“What you want to achieve out of your marketing should be reflected by what you have time to manage in your surgery and the number of people you can afford to see,” says Brown. “Other factors to consider include: do you want to expand? How many patients are you losing that you need to replace?” 

Because every surgery is different and because people are unique, you can’t know exactly what kind of numbers you’ll get from your marketing campaign until you have a point of comparison, Brown explains. In the broadest possible sense, start with the expectation of getting 10 per cent of prospects turning into leads, and 10 per cent of leads turning into customers. So if you want 10 new patients, then you need to have 100 people expressing enough of an interest in your services to actually give you some kind of contact information. In order to get 100 people expressing those interests, you’ll need at least a thousand people who are connected with you who are prepared to listen to you in the first place.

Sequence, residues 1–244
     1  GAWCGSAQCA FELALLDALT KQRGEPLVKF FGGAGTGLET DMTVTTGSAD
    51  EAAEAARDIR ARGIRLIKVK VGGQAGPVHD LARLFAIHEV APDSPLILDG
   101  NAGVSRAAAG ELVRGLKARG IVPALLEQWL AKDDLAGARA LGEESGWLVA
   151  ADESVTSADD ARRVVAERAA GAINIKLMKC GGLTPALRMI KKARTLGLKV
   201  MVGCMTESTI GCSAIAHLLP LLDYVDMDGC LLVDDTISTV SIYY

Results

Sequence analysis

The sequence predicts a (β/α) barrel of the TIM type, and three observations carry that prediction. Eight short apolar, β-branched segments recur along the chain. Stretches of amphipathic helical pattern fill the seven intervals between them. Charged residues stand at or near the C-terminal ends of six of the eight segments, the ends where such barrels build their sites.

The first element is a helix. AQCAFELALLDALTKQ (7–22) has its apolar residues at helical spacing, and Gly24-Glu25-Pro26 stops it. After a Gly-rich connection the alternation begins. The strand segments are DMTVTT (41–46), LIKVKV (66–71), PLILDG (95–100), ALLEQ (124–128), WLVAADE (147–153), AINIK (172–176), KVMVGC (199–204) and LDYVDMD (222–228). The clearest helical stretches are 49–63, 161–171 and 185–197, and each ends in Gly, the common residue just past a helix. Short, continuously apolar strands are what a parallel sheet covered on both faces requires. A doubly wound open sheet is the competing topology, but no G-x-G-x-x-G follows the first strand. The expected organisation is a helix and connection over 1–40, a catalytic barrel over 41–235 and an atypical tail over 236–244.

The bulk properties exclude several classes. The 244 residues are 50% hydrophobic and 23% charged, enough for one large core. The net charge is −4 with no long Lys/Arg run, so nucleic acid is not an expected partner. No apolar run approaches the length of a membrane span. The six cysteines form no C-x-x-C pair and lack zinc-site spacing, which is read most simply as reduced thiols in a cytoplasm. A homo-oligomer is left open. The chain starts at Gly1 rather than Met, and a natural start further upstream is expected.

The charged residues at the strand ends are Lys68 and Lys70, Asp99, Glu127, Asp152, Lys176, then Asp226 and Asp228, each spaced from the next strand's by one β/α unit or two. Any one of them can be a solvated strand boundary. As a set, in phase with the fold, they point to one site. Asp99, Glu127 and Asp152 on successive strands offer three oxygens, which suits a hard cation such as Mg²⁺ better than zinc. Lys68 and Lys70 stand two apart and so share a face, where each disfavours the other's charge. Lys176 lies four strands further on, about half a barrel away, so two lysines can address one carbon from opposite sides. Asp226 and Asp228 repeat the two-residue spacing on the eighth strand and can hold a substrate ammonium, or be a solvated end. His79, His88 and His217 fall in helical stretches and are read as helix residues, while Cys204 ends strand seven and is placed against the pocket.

“They’re very broad generalisations, and the real numbers will be different for every practice,” he says. “You need to test and refine those numbers and find out what’s true for your surgery.”

The aim of your content strategy

The first task of your content strategy is to connect with those thousand people—all of whom look a bit like your personas. “The question is: how will you do that?” says Brown.

“The easiest way is to give them some kind of meaningful content that solves their problems and then ask for permission to keep talking to them,” he adds. “But other options available to you are social media advertising, Google AdWords, outdoor advertising, sponsorships, letterbox drops … and anything else you can think of to connect with that particular group.”

Once you have a plan to get in touch with those people, then your next step in your strategy is to develop a plan to gauge their interest in your surgery and in your services. Then you can start to look at promoting particular offers to them in order to get them in and turn them into loyal patients.